Monday, August 25, 2008

Civil Rights Roundup: 08/25/08

Your daily dose of civil rights and related news

An observant Jewish engineer was vindicated after being hounded by spying accusations, after a probe found he was targeted on basis of religion.

The Washington Post had a nice article up over the weekend on the experiences of other Black "firsts" (first astronaut, first Miss USA, first NBA player, etc.).

Also from the WaPo this weekend, an analysis of how voters perceive the theme of race popping up this cycle (focusing on Akron, Ohio).

The folks who know best whether it actually makes their communities safer -- the police -- are awfully reluctant to start enforcing immigration law on their own accord.

While thrilled at his path breaking candidacy, many Black supporters of Obama are beginning to worry it might take the wind out of the sails of further equal opportunity programs.

Even as New Orleans recovers, some streets still need to be patrolled by the National Guard.

We're still not very good at providing disability-accessible housing.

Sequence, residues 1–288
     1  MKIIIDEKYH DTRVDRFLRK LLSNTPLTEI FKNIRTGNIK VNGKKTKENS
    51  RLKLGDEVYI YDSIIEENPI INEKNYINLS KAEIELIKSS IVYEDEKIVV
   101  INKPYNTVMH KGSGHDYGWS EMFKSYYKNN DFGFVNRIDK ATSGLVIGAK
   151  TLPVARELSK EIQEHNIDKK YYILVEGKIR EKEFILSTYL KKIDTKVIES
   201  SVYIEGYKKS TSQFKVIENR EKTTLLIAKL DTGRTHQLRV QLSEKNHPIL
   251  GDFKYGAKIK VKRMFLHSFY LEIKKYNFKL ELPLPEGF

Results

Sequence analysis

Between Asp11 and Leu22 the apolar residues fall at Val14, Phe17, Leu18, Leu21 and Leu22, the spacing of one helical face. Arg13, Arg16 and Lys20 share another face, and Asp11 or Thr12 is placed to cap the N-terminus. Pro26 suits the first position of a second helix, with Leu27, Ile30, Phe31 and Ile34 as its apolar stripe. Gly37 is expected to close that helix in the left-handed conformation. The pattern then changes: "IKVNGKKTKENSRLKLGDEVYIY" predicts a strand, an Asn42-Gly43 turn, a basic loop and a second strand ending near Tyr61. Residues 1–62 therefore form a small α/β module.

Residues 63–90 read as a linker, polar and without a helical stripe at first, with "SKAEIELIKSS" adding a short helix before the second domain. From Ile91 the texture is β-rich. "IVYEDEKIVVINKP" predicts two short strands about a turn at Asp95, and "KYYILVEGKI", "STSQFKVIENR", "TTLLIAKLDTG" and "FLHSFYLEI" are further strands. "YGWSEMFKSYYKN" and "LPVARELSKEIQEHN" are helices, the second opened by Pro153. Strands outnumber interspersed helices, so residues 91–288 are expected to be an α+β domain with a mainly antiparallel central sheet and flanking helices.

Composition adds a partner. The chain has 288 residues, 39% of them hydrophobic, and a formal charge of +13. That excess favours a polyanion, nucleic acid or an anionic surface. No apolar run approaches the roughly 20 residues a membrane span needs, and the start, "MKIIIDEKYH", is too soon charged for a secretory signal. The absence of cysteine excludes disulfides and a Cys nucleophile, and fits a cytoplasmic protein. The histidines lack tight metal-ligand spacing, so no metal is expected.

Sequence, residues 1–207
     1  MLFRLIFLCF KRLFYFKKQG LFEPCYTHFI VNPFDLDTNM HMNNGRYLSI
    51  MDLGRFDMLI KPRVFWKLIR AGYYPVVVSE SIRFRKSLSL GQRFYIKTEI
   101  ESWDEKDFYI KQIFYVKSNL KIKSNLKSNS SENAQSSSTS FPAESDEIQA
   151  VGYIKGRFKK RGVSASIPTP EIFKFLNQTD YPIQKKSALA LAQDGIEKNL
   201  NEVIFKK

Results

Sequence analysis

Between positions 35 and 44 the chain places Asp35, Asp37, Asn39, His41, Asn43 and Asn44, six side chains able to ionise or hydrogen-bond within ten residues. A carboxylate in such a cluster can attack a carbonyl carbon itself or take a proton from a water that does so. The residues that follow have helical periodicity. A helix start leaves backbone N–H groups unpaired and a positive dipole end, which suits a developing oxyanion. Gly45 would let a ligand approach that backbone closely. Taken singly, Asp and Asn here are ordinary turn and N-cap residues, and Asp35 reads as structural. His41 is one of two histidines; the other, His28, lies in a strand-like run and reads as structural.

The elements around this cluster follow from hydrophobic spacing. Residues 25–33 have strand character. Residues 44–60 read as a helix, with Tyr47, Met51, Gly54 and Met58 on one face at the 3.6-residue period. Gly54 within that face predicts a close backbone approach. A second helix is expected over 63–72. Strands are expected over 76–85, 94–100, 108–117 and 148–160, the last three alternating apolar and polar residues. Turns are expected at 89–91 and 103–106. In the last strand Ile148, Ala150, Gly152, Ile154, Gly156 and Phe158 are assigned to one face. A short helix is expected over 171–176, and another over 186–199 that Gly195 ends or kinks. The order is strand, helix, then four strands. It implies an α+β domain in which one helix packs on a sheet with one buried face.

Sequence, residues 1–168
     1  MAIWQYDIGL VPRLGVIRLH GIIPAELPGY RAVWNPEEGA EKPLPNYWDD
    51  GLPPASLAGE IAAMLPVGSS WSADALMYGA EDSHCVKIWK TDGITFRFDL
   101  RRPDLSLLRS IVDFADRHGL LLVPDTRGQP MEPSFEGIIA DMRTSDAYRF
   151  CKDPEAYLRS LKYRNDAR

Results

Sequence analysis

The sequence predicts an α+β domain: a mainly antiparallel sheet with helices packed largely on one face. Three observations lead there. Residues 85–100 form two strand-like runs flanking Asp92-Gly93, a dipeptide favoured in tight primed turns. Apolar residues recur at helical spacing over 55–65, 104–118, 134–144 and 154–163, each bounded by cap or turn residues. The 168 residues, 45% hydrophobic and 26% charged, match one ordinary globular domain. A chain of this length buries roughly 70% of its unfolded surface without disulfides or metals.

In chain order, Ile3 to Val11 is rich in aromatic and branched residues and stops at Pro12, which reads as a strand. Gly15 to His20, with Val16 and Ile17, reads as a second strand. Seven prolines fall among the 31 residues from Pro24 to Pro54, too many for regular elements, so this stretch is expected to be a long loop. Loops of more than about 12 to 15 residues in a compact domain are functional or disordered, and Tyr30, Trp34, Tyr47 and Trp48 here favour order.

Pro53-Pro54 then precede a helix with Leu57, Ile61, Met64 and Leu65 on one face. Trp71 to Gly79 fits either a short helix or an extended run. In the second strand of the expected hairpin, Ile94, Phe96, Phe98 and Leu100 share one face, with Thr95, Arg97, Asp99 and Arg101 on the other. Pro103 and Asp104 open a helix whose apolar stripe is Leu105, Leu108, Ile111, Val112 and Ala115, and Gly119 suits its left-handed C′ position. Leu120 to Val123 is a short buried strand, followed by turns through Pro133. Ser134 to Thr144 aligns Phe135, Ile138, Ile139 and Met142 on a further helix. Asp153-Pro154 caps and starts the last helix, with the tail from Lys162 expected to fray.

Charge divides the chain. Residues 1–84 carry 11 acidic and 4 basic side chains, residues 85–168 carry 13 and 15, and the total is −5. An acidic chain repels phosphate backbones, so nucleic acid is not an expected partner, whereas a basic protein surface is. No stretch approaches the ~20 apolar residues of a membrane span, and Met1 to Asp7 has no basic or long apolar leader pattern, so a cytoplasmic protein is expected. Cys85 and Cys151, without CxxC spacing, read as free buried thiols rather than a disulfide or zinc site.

The New York Times editorializes about the now-scrapped self-deportation program.

Museums that focus on immigration history are trying to connect past to present.

New regulations seek to improve the quality of practicing immigration lawyers.

Affirmative action bans will be on the ballot in Nebraska and Colorado this election.

This year's DNC will be the youngest and most diverse ever.

This is a fascinating case out of Illinois dealing with whether a clause by a Jewish man disinheriting any descendant who married outside the faith is enforceable.

A Texas boy whose long hair (stemming from his Native American heritage) sparked controversy in a rural Texas town will be attending Kindergarten after all.

Feeling neglected in the public school system, more Blacks are electing to home school.

Gay marriage opponents are starting their campaign push to eliminate the institution from California.

The Houston Chronicle: "Chinese engineer shouldn't have died in agony in U.S. custody."

Pro-gun activists in Georgia are trying to repeal a law prohibiting folks from carrying guns in Church. They say the law has a racist past, but local Black leaders are accusing them of appropriating history to pursue a policy agenda deeply opposed by the Black community.

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